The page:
Last week, I wrote about becoming World Class at what you do. I promptly went on to win absolutely nothing in daily play that weekend. Zilch. A complete bust. There is nothing like failure to ground you in reality. In fact, sometimes we go to extremes with it, either becoming so fearful of experiencing failure again that we give up on what we were attempting to achieve, or dismissing the abysmal performance as if it were no big deal. While both extremes may be understandable, neither is acceptable. Instead, in the spirit of becoming World Class at what you do, I would suggest adhering to the following mantra: Never fear failure, but failure is not okay.
There is always risk involved in putting together a fantasy lineup. A player might get sidelined with an injury early in their game; a matchup on the field might go 180 degrees opposite of what was expected on just a crazy bounce or two of the ball; or an unforeseen game flow might prohibit a breakout performance that had been fully anticipated from one of your players. Anything can happen. And if you were to really consider all the possible permutations involved in setting a fantasy lineup, you can see how it could easily lead to decision-making paralysis. You can’t account for everything. So if you’re going to win at fantasy, you need to assume a certain amount of risk and accept the fact that you might fail. And the more you can get your arms around that notion, the more likely you are to fully consider the possibilities at your disposal week-in and week-out and make some great decisions that will lead to victory.
On the other hand, just because you have a handle on risk and the possibility of failure doesn’t mean you should just accept failures with a shrug of the shoulders. Failure means something went wrong. Was it a piece of data you failed to consider or misinterpreted? Did a player’s status change and you missed the update? Or was the situation completely out of your control? You won’t know for sure unless you dig into it and find out. Which means if all you do is dismiss your failures when they come, you won’t learn some of the lessons you need to learn, and you are likely to repeat those mistakes and fail again at some point. That’s not the way I like to play fantasy, or live life for that matter.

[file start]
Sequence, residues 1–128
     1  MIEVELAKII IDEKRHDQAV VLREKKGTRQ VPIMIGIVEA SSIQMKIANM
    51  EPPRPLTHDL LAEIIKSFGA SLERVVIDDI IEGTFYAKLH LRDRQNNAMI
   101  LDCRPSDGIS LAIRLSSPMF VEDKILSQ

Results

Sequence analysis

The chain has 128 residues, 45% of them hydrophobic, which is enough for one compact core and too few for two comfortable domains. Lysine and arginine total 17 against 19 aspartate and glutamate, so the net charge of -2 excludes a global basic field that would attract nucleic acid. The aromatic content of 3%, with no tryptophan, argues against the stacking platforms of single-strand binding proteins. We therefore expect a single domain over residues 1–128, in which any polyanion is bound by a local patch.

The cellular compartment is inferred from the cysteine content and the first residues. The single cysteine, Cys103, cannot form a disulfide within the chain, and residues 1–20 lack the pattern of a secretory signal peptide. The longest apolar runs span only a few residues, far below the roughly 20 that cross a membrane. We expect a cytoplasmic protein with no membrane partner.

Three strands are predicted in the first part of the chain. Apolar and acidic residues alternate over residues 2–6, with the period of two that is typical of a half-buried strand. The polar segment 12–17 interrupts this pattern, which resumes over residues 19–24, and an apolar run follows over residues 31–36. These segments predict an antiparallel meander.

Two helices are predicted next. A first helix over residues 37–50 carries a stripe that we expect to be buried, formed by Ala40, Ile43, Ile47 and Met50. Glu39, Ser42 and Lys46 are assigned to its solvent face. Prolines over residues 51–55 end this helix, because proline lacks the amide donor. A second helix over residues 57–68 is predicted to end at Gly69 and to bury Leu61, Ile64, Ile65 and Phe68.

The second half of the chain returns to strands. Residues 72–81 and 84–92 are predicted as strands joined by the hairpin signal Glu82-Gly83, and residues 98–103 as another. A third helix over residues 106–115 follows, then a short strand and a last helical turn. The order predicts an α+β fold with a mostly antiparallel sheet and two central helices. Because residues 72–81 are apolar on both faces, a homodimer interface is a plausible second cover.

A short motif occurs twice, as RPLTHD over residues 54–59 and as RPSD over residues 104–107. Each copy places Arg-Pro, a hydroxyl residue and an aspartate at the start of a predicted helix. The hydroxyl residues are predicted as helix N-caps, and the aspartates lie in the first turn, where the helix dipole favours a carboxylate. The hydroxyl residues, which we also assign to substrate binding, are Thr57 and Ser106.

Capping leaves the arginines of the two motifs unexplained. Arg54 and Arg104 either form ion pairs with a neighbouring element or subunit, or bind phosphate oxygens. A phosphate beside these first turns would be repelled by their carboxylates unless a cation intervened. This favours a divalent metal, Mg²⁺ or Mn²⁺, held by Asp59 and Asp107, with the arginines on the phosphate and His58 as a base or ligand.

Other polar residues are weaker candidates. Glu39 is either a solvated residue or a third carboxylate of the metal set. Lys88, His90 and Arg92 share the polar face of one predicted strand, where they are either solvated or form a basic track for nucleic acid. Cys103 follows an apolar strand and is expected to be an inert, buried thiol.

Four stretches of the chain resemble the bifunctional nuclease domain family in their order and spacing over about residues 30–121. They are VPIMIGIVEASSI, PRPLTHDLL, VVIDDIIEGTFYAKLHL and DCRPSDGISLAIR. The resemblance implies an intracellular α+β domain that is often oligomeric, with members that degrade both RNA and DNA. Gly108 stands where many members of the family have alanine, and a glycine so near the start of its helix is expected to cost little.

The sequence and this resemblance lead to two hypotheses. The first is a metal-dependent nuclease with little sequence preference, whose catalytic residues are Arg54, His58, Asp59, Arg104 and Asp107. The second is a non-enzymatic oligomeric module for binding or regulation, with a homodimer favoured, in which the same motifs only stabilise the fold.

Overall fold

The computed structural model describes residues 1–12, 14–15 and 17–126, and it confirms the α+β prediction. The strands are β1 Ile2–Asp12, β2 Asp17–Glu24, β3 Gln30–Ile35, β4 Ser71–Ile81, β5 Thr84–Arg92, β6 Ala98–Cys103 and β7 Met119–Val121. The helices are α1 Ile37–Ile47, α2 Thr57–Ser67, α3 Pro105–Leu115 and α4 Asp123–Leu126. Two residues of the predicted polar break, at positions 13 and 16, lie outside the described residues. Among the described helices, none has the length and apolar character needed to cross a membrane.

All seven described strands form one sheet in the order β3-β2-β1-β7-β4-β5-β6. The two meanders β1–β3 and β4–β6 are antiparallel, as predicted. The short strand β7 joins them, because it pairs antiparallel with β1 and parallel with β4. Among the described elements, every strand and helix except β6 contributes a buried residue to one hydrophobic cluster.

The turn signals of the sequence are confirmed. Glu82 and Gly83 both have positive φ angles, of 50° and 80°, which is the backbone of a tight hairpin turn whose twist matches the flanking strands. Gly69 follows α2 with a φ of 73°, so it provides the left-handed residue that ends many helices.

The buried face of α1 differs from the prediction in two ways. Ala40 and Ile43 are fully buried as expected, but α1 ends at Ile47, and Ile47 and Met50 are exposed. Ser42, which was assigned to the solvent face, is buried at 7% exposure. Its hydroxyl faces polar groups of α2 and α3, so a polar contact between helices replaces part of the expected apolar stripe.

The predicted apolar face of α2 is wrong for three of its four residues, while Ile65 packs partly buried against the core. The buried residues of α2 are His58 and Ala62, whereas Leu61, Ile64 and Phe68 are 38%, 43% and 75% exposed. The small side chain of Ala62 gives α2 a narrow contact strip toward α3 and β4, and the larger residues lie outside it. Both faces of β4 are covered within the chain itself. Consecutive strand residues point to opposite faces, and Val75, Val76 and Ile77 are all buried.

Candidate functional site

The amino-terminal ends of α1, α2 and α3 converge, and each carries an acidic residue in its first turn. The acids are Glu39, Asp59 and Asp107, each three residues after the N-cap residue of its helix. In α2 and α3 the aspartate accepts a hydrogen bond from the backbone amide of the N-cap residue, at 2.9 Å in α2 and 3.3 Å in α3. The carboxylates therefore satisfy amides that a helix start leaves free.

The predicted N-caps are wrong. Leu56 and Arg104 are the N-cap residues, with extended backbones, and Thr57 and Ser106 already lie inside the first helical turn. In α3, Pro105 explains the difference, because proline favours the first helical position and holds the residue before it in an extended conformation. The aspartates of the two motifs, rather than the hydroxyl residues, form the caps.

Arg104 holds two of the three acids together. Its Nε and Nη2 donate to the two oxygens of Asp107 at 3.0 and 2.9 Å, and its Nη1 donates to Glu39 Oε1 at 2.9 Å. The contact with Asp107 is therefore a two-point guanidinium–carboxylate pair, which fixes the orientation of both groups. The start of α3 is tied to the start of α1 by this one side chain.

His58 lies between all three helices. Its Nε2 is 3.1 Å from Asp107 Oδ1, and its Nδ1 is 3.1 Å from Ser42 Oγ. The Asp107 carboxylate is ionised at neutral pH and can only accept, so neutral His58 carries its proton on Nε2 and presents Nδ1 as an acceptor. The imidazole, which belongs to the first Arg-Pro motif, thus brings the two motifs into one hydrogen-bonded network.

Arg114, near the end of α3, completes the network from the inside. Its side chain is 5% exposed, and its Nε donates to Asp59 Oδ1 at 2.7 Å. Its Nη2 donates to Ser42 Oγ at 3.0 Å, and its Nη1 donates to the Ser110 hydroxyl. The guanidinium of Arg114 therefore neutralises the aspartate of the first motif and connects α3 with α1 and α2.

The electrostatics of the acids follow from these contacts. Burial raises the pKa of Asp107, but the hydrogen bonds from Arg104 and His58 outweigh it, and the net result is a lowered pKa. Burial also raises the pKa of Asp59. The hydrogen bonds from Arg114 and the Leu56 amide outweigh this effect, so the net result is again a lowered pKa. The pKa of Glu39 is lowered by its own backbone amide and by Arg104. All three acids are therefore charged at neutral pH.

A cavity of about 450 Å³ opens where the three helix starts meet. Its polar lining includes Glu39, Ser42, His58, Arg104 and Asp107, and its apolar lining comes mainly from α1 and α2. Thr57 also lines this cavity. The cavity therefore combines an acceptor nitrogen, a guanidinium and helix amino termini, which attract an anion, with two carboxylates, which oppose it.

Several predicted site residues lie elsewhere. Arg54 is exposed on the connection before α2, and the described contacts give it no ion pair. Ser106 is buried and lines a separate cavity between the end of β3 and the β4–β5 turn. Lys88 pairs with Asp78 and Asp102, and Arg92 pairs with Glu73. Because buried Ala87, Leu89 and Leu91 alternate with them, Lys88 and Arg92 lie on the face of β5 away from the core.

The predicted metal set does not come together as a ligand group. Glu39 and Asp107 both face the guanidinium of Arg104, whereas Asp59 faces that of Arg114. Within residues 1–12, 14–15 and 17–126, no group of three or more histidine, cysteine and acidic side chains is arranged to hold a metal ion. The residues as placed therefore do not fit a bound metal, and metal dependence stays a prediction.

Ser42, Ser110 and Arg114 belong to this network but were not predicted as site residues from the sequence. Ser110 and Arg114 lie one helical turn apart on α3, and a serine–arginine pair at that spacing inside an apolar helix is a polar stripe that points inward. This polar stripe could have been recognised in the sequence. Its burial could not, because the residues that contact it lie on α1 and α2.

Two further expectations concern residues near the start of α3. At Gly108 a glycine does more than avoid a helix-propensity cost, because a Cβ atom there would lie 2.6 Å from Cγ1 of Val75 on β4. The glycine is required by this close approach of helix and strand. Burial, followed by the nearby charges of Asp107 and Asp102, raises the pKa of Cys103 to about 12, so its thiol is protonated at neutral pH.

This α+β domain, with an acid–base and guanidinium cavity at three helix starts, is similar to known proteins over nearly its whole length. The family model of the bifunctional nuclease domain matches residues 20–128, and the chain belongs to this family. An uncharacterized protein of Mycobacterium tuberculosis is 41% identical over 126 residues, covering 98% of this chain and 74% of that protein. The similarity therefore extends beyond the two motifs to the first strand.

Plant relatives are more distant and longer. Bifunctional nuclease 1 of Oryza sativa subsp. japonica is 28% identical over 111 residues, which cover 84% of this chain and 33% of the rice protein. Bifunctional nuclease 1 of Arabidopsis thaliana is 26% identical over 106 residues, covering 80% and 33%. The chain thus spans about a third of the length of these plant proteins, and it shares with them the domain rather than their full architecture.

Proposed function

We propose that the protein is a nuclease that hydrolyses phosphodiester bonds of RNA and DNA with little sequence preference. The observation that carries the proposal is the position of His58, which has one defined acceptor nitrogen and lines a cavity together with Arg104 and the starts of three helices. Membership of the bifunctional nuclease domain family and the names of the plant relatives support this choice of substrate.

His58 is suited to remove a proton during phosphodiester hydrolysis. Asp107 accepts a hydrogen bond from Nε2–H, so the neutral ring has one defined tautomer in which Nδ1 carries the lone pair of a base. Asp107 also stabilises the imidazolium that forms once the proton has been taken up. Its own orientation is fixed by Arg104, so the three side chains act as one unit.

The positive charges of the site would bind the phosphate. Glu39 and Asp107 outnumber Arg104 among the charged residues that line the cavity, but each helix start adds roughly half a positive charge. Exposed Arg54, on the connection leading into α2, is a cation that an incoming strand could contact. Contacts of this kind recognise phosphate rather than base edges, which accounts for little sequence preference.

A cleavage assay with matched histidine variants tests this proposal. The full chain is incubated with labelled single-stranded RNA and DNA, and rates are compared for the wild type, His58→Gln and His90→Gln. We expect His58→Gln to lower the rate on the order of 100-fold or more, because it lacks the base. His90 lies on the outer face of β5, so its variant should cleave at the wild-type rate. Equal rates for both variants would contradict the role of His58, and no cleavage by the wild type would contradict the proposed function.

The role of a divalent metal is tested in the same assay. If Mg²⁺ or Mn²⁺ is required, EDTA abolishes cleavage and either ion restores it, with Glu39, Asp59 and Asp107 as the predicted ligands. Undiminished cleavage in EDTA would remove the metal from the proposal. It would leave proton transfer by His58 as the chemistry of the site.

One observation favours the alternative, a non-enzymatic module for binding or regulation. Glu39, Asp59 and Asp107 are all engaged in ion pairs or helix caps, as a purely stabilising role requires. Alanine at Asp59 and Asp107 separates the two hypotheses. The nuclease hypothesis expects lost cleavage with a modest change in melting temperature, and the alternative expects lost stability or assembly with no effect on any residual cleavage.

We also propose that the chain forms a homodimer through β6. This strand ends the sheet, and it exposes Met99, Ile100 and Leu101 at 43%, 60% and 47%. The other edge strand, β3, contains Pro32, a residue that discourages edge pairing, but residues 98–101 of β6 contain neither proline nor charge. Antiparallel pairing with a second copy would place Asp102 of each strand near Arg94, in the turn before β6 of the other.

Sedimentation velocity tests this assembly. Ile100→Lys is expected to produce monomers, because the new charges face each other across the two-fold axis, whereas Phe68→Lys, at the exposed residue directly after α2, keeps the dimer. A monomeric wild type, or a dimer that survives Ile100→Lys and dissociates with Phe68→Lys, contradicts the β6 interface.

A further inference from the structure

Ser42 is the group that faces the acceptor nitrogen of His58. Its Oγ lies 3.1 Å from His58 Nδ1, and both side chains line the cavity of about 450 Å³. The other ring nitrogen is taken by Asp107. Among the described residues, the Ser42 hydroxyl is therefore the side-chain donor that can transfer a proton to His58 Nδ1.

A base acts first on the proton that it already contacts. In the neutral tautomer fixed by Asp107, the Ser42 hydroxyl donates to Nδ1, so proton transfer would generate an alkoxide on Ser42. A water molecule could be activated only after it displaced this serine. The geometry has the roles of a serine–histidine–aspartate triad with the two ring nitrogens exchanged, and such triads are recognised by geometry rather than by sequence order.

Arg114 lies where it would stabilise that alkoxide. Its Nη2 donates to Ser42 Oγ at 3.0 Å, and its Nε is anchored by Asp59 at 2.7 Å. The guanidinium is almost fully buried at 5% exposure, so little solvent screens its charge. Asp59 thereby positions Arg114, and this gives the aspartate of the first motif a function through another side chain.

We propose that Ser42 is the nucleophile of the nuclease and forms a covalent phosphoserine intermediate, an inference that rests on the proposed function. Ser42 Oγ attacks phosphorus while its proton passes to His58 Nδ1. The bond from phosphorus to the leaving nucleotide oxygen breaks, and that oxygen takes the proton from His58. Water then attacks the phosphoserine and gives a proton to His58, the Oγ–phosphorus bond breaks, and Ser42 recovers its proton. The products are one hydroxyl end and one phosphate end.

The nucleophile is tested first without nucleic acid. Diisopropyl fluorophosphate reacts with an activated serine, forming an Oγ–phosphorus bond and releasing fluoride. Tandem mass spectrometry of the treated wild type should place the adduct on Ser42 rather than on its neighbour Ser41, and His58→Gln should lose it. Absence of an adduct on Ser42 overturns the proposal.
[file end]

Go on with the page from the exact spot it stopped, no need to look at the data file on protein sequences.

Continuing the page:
Now fantasy football may not be something you really care to excel at or become world class at in your life. But the principles here apply to whatever it is we are truly passionate about achieving. There is some element of risk involved in every choice we make, even as we decide whether or not to turn on the light as we head to the bathroom in the middle of the night. But if you truly want to succeed at something important in your life, you must accept and press past the notion that you might fail along the way. And when you encounter failure in that pursuit (and you most assuredly will), always take the time to figure out what went wrong and learn from your mistakes. If you do that, you will soon find yourself succeeding much more often than failing, and winning much more often than losing.
Never fear failure, but failure is not okay.